But the truth is that I have learnt to live with anxiety. I have learnt to live with the irrational thoughts, the feeling of fear and impending doom, the occasional lightheadedness and panic attacks, the cold sweats and nausea.

The only thing I have left to say is that I thought anxiety would ruin my life but it only made me stronger, braver, more determined to do as I choose without constantly worrying what the aftermath would be. As long as it keeps pushing me up I’m going to keep swimming upwards trying to break free. It no longer controls me, I control it.

***

If you or anyone you know is suffering from anxiety or any mental disorder please seek help . It is important that you make sure your mental health doesn’t bring you down and there are lots of people out there that offer help. Mental illness often also effects those around us and a lot of times couples counselling can help your significant other understand what you are going through better.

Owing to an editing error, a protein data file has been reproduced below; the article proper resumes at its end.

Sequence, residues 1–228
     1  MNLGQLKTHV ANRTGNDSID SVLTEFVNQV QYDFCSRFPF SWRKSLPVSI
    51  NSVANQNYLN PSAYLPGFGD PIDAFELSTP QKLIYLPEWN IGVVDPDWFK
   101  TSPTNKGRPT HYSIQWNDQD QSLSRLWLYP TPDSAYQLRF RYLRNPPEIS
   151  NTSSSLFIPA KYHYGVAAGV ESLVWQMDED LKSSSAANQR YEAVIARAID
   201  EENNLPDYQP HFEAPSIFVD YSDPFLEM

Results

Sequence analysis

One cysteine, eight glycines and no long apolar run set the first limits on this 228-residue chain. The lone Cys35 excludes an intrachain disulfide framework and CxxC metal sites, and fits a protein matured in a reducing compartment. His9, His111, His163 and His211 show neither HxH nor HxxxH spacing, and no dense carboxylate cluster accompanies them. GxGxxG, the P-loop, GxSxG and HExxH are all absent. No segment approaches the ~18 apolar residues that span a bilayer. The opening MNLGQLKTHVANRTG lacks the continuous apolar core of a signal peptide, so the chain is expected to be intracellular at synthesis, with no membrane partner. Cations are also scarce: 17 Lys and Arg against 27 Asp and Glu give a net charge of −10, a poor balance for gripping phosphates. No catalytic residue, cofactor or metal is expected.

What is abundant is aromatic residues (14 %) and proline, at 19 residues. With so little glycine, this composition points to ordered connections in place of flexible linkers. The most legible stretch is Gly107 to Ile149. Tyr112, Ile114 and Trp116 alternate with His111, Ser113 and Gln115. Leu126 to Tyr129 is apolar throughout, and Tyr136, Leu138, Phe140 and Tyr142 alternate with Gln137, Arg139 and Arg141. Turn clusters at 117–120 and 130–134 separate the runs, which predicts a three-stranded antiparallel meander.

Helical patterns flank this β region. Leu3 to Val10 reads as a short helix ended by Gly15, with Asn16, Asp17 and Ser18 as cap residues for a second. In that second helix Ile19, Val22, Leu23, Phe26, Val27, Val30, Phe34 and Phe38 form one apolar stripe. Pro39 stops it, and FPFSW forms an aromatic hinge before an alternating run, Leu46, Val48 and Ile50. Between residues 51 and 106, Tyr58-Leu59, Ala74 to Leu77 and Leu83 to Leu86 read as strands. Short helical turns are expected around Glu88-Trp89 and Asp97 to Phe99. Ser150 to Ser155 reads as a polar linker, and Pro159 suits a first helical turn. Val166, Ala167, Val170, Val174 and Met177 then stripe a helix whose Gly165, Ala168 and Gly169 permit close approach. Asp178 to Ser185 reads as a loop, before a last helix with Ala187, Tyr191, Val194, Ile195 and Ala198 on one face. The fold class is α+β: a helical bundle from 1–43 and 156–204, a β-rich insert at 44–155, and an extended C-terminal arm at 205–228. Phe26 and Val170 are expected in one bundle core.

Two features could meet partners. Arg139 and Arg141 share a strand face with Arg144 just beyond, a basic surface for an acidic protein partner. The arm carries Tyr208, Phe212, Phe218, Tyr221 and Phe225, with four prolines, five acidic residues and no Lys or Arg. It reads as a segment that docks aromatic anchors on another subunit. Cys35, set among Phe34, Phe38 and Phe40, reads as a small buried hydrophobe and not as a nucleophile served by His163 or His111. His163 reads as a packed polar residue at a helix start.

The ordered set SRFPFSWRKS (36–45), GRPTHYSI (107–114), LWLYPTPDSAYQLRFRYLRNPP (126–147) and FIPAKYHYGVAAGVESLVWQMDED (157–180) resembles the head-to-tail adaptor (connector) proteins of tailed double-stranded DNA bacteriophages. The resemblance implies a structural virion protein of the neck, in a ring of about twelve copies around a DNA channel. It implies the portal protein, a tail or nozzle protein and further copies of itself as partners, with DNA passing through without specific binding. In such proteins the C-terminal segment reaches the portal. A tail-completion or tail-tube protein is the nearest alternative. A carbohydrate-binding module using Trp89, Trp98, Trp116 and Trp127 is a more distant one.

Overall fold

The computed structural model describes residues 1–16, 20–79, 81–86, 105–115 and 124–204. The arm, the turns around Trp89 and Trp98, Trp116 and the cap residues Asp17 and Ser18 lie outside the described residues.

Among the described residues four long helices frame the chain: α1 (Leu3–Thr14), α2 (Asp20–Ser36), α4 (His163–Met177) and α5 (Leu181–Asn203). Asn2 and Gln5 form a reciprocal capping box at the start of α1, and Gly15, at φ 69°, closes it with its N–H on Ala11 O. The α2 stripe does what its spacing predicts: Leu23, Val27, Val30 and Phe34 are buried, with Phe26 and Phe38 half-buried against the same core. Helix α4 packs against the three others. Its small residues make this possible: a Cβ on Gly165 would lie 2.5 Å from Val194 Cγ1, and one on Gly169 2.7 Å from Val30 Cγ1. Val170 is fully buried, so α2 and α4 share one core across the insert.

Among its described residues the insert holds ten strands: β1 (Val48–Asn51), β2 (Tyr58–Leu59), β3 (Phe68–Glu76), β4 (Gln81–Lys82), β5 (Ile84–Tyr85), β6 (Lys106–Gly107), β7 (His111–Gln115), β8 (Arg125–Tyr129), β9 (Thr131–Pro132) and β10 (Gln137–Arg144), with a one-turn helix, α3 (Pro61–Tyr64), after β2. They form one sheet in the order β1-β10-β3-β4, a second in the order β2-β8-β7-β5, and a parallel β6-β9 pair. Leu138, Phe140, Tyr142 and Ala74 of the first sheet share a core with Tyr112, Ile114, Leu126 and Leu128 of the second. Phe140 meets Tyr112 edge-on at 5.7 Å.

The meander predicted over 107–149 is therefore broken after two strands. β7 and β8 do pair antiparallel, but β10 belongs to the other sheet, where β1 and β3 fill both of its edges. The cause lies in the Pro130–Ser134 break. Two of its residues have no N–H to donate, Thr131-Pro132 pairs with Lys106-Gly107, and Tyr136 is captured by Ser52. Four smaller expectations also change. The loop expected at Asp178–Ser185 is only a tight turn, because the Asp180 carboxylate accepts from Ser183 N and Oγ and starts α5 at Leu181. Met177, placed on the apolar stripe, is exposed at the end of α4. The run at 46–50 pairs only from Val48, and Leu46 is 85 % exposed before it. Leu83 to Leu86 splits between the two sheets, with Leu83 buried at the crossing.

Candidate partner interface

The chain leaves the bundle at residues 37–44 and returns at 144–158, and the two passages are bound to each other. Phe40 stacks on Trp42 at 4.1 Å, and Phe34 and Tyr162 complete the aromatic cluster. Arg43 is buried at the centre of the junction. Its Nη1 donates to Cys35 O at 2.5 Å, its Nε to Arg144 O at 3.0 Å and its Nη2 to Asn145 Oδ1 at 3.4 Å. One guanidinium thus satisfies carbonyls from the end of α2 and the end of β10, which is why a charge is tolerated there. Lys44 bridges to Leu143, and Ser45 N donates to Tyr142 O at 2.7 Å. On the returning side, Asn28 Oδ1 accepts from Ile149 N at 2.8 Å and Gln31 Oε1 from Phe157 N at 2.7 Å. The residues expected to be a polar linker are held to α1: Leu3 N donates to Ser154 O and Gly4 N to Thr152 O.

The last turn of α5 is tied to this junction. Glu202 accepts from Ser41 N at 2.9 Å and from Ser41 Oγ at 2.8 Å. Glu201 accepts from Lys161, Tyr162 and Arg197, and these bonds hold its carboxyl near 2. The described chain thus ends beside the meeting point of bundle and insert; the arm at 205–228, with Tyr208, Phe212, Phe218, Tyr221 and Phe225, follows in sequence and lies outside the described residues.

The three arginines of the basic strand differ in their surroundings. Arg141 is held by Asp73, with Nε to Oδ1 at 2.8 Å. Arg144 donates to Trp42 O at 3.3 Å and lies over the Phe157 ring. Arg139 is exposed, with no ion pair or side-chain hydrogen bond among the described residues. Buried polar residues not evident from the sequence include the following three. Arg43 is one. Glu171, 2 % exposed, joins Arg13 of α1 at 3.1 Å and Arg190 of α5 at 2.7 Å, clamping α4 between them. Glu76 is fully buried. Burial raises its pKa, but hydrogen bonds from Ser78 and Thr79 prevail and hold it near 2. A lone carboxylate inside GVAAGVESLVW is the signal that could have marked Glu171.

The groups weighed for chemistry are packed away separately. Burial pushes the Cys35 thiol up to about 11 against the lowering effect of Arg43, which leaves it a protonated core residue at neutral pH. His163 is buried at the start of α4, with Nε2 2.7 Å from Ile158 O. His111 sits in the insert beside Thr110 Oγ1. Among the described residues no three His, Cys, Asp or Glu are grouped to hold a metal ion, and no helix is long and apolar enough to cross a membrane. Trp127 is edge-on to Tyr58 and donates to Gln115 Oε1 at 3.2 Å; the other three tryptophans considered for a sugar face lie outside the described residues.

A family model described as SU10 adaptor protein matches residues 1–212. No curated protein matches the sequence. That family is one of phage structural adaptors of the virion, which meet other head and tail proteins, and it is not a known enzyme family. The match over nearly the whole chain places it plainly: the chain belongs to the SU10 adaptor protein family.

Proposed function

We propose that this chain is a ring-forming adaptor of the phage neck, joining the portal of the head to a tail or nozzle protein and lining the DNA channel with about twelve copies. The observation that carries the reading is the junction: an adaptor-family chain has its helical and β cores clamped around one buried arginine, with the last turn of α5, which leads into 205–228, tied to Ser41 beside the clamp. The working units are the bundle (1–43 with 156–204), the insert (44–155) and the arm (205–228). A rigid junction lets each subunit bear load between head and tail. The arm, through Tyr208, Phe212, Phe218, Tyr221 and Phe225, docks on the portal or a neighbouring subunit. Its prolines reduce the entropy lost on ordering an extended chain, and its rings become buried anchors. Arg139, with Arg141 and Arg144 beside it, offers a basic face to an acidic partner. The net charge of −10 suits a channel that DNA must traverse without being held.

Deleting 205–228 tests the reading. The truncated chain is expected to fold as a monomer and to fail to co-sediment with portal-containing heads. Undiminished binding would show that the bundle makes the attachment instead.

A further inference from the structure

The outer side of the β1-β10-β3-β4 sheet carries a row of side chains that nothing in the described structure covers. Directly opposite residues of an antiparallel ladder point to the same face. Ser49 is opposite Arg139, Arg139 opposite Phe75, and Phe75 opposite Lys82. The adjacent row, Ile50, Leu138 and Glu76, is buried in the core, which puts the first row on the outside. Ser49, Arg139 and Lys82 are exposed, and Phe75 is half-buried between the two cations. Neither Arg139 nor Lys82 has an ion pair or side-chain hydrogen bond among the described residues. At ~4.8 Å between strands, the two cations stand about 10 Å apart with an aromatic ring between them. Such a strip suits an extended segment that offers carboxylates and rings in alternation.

Thanks for reading this and if you enjoyed it please give it a like, follow, share and comment.

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Living With Social Anxiety

It’s not that common, it doesn’t happen to everyone and it is a big deal! Social anxiety can take over the life of the person that is affected by it. Social anxiety is nothing like the normal fear that people usually feel, instead it has a crippling effect and small everyday situations can seem terrifying. For a socially anxious person every single little detail counts. It doesn’t matter whether people understand how we feel or not because at the end of the day we will always be worried about something or the other.